[2] Personal liberty is a constitutionally protected right (People v. Olivas, supra, 17 Cal. 3d 236, 251). Classifications that deal with restraints on liberty are subject to the strict scrutiny test applicable to equal protection of fundamental interests (People v. Olivas, supra, at p. 251). That test is satisfied by a compelling state interest which demonstrates that the distinctions drawn by the statute are necessary to further that purpose (People v. Olivas, supra, at p. 251).

[3] Persons similarly situated with respect to the legitimate purpose of the law are entitled to like treatment (Purdy & Fitzpatrick v. State of California (1969) 71 Cal. 2d 566, 578 [79 Cal. Rptr. 77, 456 P.2d 645, 38 A.L.R.3d 1194]). The question is whether the purpose of juvenile confinement can be distinguished from the purpose of adult confinement.

Under the determinate sentencing law the declared purpose of adult incarceration is punishment (Pen. Code, § 1170, subd. (a)(1)). The declared purposes of juvenile commitment are treatment and rehabilitation (In re Aline D. (1975) 14 Cal. 3d 557, 567 [121 Cal. Rptr. 816, 536 P.2d 65]). An additional element was added to the purpose of the juvenile law in the 1976 amendment to the Welfare and Institutions Code (Stats. 1976, ch. 1068, § 1.5; Stats. 1976, ch. 1071, § 29; Stats. 1977, ch. 910, § 1) also "to protect the public from criminal conduct by minors." Placement in the CYA is a last resort after all other efforts permitted by the applicable provisions of the Welfare and Institutions Code have failed (In re Aline D., supra, at p. 564).

The Supreme Court noted in People v. Olivas, supra, 17 Cal.3d at pages 244-245, "Commitment in an institution of the Youth Authority can be described in many ways and can encompass a wide range of controls. However, the key factor common to all such descriptions is the physical restraint of the ward's person. While wards confined in institutions of the Youth Authority may often experience greater freedom within the [90 Cal. App. 3d 194] institution than individuals confined in state prisons or mental hospitals [citation], they are nevertheless incarcerated against their will, ..."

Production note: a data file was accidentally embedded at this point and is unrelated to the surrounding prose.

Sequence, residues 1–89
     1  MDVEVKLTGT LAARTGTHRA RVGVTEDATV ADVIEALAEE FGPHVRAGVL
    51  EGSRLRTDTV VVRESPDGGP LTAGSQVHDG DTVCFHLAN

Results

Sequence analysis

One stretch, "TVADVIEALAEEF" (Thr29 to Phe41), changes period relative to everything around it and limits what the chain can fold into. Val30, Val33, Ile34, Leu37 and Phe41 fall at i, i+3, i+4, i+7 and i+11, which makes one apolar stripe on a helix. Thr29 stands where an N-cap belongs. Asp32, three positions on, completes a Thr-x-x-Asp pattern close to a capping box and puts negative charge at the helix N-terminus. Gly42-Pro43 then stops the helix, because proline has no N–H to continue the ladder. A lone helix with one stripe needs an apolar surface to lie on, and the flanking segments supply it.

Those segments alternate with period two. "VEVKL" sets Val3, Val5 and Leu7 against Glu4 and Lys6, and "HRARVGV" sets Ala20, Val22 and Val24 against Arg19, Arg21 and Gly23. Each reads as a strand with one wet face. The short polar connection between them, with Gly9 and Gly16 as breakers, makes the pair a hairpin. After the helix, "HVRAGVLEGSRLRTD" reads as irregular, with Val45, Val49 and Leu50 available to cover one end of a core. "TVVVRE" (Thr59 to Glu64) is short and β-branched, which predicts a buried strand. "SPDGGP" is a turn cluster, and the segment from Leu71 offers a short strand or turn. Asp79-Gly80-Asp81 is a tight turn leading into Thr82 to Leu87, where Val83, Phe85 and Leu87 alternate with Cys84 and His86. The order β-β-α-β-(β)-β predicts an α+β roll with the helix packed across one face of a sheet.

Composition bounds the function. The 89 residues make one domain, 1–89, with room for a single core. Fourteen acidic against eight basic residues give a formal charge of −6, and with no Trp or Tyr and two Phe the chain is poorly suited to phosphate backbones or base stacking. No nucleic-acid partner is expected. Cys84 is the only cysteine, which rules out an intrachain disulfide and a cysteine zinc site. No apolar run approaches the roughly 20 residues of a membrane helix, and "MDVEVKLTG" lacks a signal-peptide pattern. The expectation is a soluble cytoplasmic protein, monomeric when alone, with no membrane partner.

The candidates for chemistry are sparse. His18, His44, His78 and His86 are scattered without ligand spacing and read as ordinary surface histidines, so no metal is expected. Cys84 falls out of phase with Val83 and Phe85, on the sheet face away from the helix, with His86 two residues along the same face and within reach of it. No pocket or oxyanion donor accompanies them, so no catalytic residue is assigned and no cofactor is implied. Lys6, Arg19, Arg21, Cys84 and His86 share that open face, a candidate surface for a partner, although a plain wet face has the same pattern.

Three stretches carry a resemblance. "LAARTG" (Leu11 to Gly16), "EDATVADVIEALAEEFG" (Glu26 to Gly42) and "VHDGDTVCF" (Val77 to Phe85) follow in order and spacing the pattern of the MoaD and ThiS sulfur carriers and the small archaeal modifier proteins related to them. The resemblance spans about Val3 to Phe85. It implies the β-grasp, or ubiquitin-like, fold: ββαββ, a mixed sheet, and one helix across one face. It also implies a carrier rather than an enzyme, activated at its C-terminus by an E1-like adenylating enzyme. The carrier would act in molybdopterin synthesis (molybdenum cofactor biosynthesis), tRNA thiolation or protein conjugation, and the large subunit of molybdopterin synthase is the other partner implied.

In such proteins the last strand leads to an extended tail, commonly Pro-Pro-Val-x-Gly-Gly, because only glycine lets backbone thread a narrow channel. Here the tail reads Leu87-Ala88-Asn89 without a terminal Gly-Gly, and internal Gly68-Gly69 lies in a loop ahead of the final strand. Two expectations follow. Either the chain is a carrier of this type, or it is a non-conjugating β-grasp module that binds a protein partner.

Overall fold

The Supreme Court treated punishment as the primary purpose for juvenile confinement when it rejected contentions that the difference in the potential duration of incarceration between youthful and adult offenders was justified by the supposed relative malleability of youthful offenders and the need for a longer period of confinement in order to achieve rehabilitation.

[1b] We conclude, on the authority of Olivas, that Youth Authority confinement of juveniles and Adult Authority confinement of adult prisoners share for the purposes of equal protection analysis a common purpose of punishment. No basis has been found for distinguishing between Youth Authority inmates and adult prisoners in regard to credit for time in confinement.

The judgment is modified by deleting the provision for consecutiveness; as modified the judgment is affirmed and the cause is remanded to the trial court with directions to compute appellant's credit time in accordance with the views herein expressed.

As so modified the judgment is affirmed.

Caldecott, P. J., and Delucchi, J., concurred.